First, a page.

Finally, be open to learning all the time from mentees. Be aware that not all mentor-mentee relationships will go well and yet there is much to be learned from those that do not. The best way to prevent problems from happening is to not be a mentor at all, but this has never been an option.
My role at UCSF is ending in less than two months after 37 years since I arrived here as an intern. I know that there are great people here to carry on this work. Thanks to all of you for this opportunity at this great institution!"
Ellen Hughes, MD, PhD, Respected and Longtime UCSF Community Member, Dies
It is with great sadness that we notify you that Ellen Hughes, MD, PhD, passed away on June 17, 2015. Surrounded by her loving family, Ellen died at home after battling cancer. Ellen was a professor of medicine who was honored to call UCSF her “medical home” for over 35 years, initially as a student in the class of 1984, medicine resident, faculty member in the Division of General Internal Medicine, and Advisory College Mentor. She was awarded the prestigious Kaiser Award for Excellence in Teaching by clinical faculty at UCSF in 1996, the first Humanism in Medicine Award by the class of 2000, and has received six major teaching awards from medical school students. In September 2001, she was chosen as one of the founding members of the Academy of Medical Educators at UCSF. She especially enjoyed combining her love of teaching with patient care. Ellen had a special interest in alternative and complementary medicine, and was instrumental in establishing UCSF’S Osher Center for Integrative Medicine.
Ellen lived her life with grace and dignity. She will be remembered for her extraordinary kindness and for bringing out the best in everyone with whom she interacted.
Shelley R. Adler, PhD, Interim Director and Director of Education for the Osher Center for Integrative Medicine, remembers Ellen Hughes as a cherished colleague and friend.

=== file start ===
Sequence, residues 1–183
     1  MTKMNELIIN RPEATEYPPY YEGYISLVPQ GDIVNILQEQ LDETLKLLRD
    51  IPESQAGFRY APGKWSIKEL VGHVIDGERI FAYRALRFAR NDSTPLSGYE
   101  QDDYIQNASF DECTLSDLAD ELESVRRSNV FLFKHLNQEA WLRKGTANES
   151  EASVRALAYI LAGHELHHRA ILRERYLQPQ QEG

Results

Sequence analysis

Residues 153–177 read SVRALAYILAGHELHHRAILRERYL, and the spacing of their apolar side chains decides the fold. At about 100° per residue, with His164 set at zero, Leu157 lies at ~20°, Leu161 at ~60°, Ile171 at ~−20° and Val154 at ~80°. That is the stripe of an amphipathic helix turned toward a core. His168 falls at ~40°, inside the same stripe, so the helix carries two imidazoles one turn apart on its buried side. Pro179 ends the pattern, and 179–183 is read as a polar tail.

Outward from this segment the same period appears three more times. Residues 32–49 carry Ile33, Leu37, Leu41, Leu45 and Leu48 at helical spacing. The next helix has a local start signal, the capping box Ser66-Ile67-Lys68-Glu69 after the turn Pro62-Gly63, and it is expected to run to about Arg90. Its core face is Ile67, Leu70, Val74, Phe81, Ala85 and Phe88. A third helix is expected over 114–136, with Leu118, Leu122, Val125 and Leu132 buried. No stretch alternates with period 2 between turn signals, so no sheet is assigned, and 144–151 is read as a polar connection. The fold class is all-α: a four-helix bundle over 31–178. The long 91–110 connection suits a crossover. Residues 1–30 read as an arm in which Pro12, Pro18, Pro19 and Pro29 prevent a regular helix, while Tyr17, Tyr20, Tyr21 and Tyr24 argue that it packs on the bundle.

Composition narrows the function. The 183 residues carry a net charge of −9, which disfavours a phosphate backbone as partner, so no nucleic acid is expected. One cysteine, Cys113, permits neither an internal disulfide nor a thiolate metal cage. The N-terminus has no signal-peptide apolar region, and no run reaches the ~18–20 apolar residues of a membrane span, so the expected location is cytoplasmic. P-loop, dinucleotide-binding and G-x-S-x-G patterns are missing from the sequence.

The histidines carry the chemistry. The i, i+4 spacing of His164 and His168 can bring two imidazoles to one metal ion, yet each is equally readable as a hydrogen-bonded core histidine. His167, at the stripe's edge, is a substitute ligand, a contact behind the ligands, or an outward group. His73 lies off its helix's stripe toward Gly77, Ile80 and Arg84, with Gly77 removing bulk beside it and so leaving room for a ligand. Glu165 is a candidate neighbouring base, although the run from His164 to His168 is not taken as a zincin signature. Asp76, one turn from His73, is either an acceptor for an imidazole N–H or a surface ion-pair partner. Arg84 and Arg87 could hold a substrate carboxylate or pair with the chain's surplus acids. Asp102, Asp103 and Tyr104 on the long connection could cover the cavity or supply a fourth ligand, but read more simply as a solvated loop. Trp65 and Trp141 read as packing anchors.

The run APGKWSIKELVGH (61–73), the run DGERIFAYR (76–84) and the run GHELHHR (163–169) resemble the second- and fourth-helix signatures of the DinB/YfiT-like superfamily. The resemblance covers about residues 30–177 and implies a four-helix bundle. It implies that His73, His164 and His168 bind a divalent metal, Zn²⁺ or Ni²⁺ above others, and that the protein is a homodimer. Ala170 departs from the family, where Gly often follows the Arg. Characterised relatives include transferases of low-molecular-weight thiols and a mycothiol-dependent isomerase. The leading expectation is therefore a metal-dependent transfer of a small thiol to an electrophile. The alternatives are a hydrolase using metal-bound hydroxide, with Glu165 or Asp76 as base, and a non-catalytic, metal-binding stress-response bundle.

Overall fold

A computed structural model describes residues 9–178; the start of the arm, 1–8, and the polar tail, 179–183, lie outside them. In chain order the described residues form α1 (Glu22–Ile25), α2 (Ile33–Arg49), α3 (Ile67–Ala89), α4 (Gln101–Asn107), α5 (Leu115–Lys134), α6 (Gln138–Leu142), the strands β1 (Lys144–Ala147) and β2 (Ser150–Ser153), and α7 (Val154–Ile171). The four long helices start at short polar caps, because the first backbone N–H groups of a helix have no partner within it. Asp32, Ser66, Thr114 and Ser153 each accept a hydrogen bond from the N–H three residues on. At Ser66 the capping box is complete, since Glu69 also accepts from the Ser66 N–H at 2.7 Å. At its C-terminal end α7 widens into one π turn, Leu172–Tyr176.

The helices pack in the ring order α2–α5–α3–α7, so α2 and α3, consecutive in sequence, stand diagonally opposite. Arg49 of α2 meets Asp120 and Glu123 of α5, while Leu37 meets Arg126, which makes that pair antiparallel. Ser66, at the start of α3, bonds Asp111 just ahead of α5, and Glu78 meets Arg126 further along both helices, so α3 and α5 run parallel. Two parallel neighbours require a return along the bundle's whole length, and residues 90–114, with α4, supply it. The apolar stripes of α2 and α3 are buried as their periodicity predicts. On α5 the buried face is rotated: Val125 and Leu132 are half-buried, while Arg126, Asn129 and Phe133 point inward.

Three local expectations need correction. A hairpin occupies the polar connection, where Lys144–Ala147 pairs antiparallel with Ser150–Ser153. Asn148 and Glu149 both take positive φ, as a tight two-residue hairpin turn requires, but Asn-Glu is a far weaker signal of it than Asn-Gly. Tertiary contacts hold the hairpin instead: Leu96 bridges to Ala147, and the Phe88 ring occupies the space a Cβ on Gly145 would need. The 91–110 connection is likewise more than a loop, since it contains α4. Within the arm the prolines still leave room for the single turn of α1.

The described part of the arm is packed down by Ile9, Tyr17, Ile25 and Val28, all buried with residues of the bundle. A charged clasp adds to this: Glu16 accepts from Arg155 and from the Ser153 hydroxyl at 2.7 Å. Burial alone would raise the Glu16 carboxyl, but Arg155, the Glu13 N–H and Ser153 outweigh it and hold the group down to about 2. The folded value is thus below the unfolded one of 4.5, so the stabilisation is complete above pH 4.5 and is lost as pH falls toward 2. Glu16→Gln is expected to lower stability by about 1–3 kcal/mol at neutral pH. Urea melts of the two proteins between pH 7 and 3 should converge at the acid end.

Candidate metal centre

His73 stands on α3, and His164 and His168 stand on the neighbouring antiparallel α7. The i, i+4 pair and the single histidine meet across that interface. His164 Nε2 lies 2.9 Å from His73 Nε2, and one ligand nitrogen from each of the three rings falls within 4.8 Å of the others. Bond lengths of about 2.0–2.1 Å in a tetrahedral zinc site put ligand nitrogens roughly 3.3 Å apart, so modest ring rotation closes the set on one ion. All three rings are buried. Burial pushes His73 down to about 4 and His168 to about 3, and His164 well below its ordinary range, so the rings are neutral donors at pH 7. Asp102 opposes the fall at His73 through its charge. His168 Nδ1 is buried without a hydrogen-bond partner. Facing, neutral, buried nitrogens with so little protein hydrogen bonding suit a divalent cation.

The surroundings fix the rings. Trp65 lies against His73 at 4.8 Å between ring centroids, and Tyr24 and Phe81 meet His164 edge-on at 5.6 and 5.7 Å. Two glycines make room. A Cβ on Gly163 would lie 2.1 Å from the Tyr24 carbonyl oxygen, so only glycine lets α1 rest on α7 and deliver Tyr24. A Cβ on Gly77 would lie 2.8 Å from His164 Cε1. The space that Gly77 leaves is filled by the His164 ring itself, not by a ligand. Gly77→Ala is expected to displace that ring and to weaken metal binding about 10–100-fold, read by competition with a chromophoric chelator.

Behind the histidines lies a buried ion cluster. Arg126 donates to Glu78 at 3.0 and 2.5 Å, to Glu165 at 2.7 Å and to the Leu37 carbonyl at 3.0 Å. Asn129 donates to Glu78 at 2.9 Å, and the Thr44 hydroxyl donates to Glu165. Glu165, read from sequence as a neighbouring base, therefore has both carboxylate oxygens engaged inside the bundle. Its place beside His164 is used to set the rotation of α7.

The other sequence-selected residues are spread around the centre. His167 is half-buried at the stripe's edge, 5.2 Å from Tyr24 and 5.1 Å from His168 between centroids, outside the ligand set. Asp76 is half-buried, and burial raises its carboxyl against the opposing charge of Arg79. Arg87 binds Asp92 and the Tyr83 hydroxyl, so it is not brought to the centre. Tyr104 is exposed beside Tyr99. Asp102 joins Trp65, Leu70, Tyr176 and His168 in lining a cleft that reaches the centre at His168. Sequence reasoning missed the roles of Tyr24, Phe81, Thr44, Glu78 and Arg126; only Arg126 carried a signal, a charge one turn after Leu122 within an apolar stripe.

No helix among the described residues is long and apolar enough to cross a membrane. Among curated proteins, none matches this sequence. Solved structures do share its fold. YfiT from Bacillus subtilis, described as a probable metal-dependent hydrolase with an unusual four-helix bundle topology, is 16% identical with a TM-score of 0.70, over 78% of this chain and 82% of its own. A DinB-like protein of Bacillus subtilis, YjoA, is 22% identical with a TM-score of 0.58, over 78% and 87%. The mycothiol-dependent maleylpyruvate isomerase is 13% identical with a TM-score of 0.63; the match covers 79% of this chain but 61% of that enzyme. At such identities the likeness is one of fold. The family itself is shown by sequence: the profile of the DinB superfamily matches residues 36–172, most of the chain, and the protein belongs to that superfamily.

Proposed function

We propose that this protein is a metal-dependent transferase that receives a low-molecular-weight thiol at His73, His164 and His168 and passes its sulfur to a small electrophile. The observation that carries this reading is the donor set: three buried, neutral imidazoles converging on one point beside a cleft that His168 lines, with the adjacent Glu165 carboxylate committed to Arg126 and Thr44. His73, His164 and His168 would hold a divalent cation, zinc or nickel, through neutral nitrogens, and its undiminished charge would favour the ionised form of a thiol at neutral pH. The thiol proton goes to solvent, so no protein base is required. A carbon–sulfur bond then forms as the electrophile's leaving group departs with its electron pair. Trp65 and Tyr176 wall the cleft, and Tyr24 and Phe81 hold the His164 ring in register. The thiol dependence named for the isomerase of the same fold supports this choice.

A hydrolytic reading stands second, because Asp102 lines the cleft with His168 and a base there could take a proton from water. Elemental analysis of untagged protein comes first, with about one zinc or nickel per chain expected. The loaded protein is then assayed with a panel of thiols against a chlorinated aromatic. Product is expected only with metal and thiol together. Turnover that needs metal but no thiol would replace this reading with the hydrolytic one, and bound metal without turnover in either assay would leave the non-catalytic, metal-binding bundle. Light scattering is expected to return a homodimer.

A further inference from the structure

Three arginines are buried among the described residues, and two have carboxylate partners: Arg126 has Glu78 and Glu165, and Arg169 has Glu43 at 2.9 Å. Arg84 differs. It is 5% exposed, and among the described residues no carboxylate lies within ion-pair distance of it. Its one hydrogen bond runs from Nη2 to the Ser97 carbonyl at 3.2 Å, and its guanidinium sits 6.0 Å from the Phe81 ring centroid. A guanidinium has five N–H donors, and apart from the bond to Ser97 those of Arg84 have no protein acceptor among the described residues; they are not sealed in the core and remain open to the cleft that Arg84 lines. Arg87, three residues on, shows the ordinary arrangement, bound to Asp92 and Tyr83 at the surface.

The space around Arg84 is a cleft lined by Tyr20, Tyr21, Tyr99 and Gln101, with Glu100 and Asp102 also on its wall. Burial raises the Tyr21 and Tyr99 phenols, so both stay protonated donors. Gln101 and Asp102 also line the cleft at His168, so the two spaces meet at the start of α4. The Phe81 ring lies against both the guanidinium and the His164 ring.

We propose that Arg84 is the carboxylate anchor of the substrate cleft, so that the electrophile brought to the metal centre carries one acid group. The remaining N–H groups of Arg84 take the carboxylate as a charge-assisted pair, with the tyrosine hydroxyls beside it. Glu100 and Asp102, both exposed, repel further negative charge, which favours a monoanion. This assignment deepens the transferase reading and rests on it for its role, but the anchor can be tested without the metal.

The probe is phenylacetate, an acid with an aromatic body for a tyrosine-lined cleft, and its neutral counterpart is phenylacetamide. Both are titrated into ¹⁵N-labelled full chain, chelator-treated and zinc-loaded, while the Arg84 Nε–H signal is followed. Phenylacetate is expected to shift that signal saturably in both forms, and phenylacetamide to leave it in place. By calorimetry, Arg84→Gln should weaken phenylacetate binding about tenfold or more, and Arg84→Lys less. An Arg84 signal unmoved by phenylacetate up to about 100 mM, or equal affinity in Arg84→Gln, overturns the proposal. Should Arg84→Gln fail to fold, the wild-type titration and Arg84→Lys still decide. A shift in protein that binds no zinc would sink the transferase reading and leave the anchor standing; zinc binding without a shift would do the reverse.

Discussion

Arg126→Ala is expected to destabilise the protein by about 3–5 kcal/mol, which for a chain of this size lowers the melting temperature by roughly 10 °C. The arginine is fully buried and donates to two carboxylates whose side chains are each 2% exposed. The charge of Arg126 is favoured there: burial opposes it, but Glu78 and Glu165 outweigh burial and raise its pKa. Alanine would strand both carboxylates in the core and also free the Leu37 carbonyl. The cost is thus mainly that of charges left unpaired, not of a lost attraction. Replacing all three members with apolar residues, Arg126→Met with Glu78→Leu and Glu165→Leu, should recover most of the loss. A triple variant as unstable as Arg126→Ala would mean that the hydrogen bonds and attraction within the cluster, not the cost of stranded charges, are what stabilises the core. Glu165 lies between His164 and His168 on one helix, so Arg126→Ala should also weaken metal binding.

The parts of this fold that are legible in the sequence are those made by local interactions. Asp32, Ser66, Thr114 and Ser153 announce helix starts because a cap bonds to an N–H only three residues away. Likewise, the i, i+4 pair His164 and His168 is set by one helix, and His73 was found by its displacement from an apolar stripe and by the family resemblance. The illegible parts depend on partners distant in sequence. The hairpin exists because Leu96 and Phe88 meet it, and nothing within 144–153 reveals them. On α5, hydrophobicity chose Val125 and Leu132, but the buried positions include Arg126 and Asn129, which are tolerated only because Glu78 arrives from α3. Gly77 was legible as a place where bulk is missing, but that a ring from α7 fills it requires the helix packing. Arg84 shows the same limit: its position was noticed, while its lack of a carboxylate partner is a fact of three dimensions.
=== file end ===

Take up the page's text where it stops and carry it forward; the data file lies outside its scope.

"Any of you who have had the pleasure and honor of spending time with Ellen also know that she was generously wise, gracefully insightful, kindly humorous, and intuitively mindful. She was a highly sought after, tremendously appreciated, and truly beloved clinician and educator--and she was one of the pioneers of genuinely integrative medicine. Ellen will continue to inspire us, both through the way she lived her life, as well as through her approach to the naturalness of death."
Her friend and colleague, Dr. Stephen McPhee said, "She was such a force for the good here -- I think not only of her personal kindness with patients, residents, and fellow faculty (including me) but also of her programmatic contributions to our DGIM at Doctoring to Heal, residents' well-being retreats, DGIM retreats, to name just a few examples--and her vital role in mentoring beginning students at their most vulnerable early stage."
Ellen didn’t have any wishes regarding donations being made in her honor but the one request she did have was that anyone interested in honoring her do so by writing a letter to someone who has changed their life and thank them.
Bridget O'Brien Selected to be Macy Faculty Scholar
Bridget O'Brien, PhD, has been chosen by the Josiah Macy Jr. Foundation as one of five national Macy Faculty Scholars for 2015–16. The Macy Faculty Scholars program is designed to identify and nurture the careers of educational innovators in medicine and nursing. It aims to accelerate needed reforms in health professions education to accommodate the dramatic changes occurring in medical practice and health care delivery.
To read more about Dr. O'Brien's selection as a Macy Scholar, please visit the UCSF Medical Education website. Additional information about the Macy Faculty Scholars program is available on the Josiah Macy Jr. Foundation Website.
The application deadline for the 2016-17 academic year for the SFGH and UC Primary Care Internal Medicine programs is November 15, 2015.
Please refer to each program's section for details and contact information.
The Real Skinny about Nonalcoholic Fatty Liver Disease
Bilal Hameed, MD
Assistant Professor of Medicine
University of California, San Francisco 12pm - 1pm | 1545 Divisadero Street, Room 103 + Add to calendar
DGIM Recruitment Reception 6pm - 8pm | 1545 Divisadero Street, Room 326 + Add to calendar